• Average cost of a 1-bedroom home or apartment in New Mexico is $693
  • Average cost of a 2-bedroom home or apartment in New Mexico is $847
  • Average cost of a 3-bedroom home or apartment in New Mexico is $1181
  • Average cost of a 4-bedroom home or apartment in New Mexico is $1382
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New Mexico Job Market

Moving to New Mexico could mean starting a new job or perhaps setting up a company and hiring employees.

Since you’re considering moving to New mexico, we’ve collated key stats about the state’s job market to give you a head start.

How is the job market like in New Mexico?

New Mexico’s unemployment rate is 5.6% while the national average is 3.7%. If you have a plan to look for a job after moving to New Mexico, the state’s unemployment rate will give you an idea of the state’s job market and the overall economy.

  • The unemployment rate in New Mexico is higher than the U.S. average
  • New Mexico has witnessed a 2.8% increase in job growth over the past year
  • New Mexico’s job market is experiencing positive growth and is predicted to grow by 29.5% in the next 10 years

What are the top industries in New Mexico?

New Mexico is home to several large industries that power the state’s economy. We’ve made a list of the leading industries in the state to give you an idea of where you can invest or consider opportunities if you’re moving to New Mexico. Here are top industries in New Mexico:

  • Energy
  • Aerospace and Defense
  • Tourism and Food
  • Distribution, Logistics, and Transportation
  • Advanced Manufacturing
  • Digital Media and Film Production
  • Administrative and Federal Government

What are the top career options in New Mexico?

If you’re looking to get a job faster after moving to New Mexico, we’ve made a list of the fastest growing jobs in demand in the state. Here’s a list of the to career options in the state if you’re moving to New Mexico:

Rank Job Title Average Salary Entry Level Salary # Of People
1General Internal Medicine Physicians$280,620$200,650130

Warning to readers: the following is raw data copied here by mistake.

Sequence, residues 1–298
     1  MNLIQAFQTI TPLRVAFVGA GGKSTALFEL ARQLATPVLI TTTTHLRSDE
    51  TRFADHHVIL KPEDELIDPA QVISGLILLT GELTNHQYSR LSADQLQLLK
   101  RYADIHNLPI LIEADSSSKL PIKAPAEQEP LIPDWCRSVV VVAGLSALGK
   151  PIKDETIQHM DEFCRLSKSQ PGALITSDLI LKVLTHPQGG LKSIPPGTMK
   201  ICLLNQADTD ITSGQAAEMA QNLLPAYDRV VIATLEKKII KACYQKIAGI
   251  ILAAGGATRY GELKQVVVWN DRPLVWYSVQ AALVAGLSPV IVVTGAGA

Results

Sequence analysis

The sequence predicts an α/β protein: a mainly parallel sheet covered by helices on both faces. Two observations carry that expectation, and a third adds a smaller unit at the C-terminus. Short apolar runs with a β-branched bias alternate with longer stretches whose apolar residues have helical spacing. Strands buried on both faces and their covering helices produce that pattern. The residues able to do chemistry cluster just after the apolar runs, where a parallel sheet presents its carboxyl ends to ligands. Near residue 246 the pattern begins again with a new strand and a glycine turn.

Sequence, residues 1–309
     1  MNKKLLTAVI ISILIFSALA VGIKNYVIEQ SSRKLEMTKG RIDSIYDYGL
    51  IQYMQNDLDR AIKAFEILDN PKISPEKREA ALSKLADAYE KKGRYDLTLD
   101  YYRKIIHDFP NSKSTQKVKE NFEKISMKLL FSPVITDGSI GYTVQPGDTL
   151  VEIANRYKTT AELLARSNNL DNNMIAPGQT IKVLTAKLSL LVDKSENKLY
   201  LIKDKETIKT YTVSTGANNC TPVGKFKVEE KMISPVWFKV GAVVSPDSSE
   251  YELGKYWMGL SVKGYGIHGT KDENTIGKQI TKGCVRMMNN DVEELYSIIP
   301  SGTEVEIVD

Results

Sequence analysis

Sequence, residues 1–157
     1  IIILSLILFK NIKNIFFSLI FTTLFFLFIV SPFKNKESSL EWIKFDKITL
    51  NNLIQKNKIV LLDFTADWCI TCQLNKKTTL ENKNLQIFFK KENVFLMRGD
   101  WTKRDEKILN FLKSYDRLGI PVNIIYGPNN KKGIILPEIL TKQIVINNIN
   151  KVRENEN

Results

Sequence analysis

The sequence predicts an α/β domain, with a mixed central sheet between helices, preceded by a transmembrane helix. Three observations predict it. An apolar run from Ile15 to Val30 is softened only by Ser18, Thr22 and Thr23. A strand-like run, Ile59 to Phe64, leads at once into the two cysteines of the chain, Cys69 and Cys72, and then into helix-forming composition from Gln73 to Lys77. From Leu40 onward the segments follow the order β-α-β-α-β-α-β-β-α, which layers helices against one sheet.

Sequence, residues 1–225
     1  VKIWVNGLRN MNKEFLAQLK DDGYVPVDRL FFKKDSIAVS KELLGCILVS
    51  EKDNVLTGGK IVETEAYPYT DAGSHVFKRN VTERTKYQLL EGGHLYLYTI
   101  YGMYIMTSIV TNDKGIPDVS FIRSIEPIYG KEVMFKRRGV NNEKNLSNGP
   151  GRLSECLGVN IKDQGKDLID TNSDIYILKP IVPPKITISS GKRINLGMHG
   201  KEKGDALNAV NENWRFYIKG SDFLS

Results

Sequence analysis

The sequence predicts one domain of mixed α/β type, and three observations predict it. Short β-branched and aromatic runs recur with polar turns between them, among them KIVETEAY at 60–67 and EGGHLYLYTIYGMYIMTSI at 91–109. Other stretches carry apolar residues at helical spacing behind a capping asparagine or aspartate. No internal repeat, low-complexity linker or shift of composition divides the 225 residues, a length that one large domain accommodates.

2Obstetricians And Gynecologists$258,380$74,290100
3Psychiatrists$240,350$148,500100
4Physicians, All Other; And Ophthalmologists, Except Pediatric$229,770$110,4902,120
5Orthodontists$214,050$140,74060
6Pediatricians, General$192,390$70,140140
7Dentists, All Other Specialists$191,170$114,10070
8Dentists, General$182,420$80,280630
9Physicists$166,720$107,4001,740
10Architectural And Engineering Managers$165,130$103,1201,530

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What’s the median salary in New Mexico?

Starting a new job could be one of your plans if you’re moving to New Mexico. We’ve collated key data about the average salaries in New Mexico to help you figure out what’s suitable for you in the state:

  • The average annual pay for hourly rate jobs category in New Mexico is $35,505 a year
  • The average hourly pay for hourly jobs in New Mexico is $17.07 an hour
  • The average weekly pay for hourly jobs in New Mexico is $683 per week
  • The average monthly pay for average jobs in New Mexico is $2,959 a month
  • Salaries within the hourly rate jobs category currently range between $25,639 to $42,879
  • Top earners in New Mexico make $55,257 annually

What’s the unemployment rate in New Mexico?

New Mexico’s unemployment rate is 5.6%. The United States average is 3.7%. If you’re considering getting a job after moving to New Mexico, here’s a simple analysis of the state’s job market:

  • New Mexico’s job growth has been positive over the years
  • New Mexico’s jobs have increased by 2.8% over the past year
  • New Mexico’s average salary is $44,968
  • Future job growth over the next 10 years is predicted to be 29.5%

10 Biggest companies in New Mexico

If you’re interested in getting a job in some of the largest companies after moving to New Mexico, we’ve made a list of the biggest companies in the state who are also the largest employers. Here are the 10 biggest companies in New Mexico:

Rank Company City Employees
1Akal SecurityEspanola15,000
2Sandia National LaboratoriesAlbuquerque11,694
3Los Alamos National LaboratoryLos Alamos10,000
4The University of New MexicoAlbuquerque8,010
5New Mexico State UniversityLas Cruces5,370
6PresbyterianAlbuquerque4,340
7Ernest HealthAlbuquerque3,644
8New Mexico Department of HealthSanta Fe3,250
9GCC DacothaLas Cruces3,183
10Lovelace Health SystemAlbuquerque3,183

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How safe is New Mexico?

Safety is always one of the key things to consider before moving to any state. Since you’re considering moving to New Mexico.

  • Violent crime rate in New Mexico is 40.3. The United States average is 22.7
  • Property crime rate in New Mexico is 55.7. The U.S. average is 35.4

10 Safest Cities in New Mexico

Here are the ten safest cities in the state if you’re moving to New Mexico:

Rank City Population Violent Crimes Per 100k Property Crimes Per 100k
1Corrales, NM8,57734501
2Los Alamos, NM18,883127582
3Rio Rancho, NM97,3942021,637
4Grants, NM8,9822111,503
5Lovington, NM11,1751342,425